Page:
Libraries build community partnerships. That’s something we do. Whether the partnership is to work with another community agency in order to harness that agency’s expertise, or to share resources of space, time, and so on it makes sense to work with other organizations in the community to support each other and extend what each can accomplish.
In the September/October issue of American Libraries magazine a partnership between an academic library and a public library was covered. The article Joint Libraries: Models that Work discussed sharing space as a way of partnering and collaborating. This type of partnership is not entirely new but it is regularly being re-imagined. For example consider the following library/community partnerships that support youth in some way:
- National Museum of Play: Located in New York, the museum has a partnership with a branch of the Rochester Public Library. Books may be checked out and returned at the museum or at any public library branch in the system.
- Indianapolis-Marion County Public Library-InfoZone: “The mission of the InfoZone is to create an outstanding public resource that fosters a profound love of reading, promotes family learning, and teaches all ages the use of hardware and software applications to help them become confident users of technology at work, at school and at home.”
- ImaginOn: ImaginOn is located in Charlotte, NC and is a youth library that is a branch of the public library system. It is a partnership with the Children’s Theatre of Charlotte which shares the building, some staff, and programming with the library.
- Lafayette Library and Learning Center: Located in California, a collaboration of eight partners including several school districts, a historical society, and more.
While the above partnerships might not be exactly what you are able to accomplish in your community, think about the partnerships that already exist, how you might expand those partnerships, and how you might breathe new life into them if needed. For example:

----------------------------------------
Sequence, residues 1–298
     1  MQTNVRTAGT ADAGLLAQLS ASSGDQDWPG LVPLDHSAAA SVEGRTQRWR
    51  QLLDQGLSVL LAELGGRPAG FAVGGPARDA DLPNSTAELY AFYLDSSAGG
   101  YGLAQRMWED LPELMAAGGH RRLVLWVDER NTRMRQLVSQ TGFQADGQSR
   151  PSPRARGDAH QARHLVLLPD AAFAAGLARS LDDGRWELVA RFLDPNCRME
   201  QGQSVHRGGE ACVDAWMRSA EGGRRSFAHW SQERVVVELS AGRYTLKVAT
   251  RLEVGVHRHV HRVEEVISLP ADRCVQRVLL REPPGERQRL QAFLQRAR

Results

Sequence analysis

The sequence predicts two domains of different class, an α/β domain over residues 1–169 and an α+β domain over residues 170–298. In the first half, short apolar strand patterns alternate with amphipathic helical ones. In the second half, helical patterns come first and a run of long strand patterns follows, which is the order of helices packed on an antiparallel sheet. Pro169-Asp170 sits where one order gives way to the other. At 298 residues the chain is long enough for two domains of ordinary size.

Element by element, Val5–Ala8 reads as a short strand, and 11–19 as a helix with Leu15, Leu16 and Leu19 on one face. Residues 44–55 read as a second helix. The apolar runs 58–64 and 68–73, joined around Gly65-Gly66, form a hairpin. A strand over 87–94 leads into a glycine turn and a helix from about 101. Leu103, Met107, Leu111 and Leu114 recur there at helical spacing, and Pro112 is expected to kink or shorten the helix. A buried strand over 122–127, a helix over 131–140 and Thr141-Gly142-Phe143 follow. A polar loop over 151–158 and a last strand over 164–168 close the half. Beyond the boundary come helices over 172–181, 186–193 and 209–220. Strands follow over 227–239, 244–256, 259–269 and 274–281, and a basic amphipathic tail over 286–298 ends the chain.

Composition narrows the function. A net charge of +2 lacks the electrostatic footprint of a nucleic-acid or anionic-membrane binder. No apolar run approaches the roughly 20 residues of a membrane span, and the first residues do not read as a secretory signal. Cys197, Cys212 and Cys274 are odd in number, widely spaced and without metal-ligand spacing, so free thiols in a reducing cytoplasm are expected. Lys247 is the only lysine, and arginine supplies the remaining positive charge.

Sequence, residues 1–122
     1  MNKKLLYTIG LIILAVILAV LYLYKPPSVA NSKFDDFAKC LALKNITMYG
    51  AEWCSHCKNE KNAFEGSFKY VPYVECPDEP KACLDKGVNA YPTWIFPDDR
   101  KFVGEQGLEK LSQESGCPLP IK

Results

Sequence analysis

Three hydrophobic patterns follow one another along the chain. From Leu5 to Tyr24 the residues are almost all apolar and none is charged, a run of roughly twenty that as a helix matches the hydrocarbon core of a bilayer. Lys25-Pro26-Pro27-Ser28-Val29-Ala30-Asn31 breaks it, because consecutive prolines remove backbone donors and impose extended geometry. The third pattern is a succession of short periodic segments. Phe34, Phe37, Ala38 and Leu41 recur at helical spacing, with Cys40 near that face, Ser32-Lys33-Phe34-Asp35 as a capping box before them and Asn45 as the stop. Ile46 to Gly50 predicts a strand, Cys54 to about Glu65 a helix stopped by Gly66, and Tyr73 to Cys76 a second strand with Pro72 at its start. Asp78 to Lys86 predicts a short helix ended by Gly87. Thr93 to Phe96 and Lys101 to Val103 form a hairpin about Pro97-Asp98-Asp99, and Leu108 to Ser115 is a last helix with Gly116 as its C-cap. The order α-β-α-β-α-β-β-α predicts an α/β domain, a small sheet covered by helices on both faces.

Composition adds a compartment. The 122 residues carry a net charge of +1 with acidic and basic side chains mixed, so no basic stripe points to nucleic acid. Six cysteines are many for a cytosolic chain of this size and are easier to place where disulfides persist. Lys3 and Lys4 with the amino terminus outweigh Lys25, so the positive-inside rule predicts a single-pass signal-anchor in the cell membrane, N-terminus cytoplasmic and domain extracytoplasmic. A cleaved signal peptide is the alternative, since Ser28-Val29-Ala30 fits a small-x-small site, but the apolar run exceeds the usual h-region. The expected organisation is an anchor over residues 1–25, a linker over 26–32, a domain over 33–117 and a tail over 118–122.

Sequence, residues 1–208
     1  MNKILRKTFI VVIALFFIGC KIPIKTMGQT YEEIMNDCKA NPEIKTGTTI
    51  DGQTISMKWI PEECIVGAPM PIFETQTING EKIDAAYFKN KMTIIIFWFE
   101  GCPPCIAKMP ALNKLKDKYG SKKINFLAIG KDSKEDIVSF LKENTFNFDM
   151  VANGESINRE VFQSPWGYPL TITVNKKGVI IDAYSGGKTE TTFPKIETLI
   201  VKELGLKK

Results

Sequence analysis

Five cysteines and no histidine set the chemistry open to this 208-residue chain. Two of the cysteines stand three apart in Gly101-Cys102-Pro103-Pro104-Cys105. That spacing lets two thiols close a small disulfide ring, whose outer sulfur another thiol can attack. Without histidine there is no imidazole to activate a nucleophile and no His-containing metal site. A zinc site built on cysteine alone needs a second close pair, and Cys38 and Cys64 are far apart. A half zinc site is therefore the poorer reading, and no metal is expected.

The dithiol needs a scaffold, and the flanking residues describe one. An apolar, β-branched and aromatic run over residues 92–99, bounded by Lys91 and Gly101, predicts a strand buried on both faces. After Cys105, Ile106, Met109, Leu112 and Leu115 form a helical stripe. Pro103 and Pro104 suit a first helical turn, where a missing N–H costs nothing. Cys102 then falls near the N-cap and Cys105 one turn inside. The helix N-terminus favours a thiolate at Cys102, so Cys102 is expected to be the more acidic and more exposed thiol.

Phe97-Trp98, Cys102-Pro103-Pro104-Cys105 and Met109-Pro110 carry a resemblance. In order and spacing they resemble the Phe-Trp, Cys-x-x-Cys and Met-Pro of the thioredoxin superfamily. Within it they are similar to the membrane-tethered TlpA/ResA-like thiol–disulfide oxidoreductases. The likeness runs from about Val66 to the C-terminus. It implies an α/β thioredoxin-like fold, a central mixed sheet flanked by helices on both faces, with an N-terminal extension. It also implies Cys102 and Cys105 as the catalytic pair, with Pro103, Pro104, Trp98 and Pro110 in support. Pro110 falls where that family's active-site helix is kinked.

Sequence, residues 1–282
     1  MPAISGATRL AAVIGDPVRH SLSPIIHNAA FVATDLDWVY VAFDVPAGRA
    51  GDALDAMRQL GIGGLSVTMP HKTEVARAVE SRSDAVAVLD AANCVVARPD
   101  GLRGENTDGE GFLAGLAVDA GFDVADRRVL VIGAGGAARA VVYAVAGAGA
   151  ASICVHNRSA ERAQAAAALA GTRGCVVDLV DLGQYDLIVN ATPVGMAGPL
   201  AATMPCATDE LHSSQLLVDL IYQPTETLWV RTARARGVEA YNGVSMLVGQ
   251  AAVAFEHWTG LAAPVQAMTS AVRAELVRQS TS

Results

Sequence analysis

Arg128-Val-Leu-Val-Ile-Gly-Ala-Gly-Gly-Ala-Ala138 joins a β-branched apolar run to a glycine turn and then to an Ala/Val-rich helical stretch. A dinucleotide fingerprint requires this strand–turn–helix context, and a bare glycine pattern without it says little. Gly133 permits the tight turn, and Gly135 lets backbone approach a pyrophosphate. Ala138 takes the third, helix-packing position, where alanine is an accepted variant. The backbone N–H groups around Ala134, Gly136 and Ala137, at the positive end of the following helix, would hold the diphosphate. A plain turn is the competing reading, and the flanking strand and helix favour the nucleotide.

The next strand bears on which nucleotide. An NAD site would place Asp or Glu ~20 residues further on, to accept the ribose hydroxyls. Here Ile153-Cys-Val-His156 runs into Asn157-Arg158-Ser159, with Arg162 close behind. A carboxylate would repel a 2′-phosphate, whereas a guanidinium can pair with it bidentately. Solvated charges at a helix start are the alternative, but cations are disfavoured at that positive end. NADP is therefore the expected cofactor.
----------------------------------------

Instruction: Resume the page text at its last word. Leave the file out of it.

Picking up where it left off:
- If you are already at an organization where a unique partnership exists between agencies, maybe there are some areas where the relationship is feeling stagnant, particularly in services to teens. Try calling a meeting, or being more present in already existing meetings, to help develop new ways to work together and skills that will help you to meet your mission of serving youth.
- Maybe you’re in the throes of conversations about an impending partnership and maybe everyone isn’t in agreement over whether or not this connection is a good idea. Is there additional research you can bring to the table to help educate and inform everyone involved about the reasons why the partnership is a good idea? If so, speak up and let others know about the benefits to teens and the community of this type of working together.
- Get teens involved by asking them about the community organizations and agencies to which they have a connection. Connect with those groups that have a mission similar to the library, and start talking about what you might do together in order to support teens in the community.
Now, more than ever partnerships are critical to the library. As the skills needed to preform jobs change and resources are shifted, or become more scarce, finding new ways to connect with the community is an important step to making sure that your library can provide the best service possible to teens.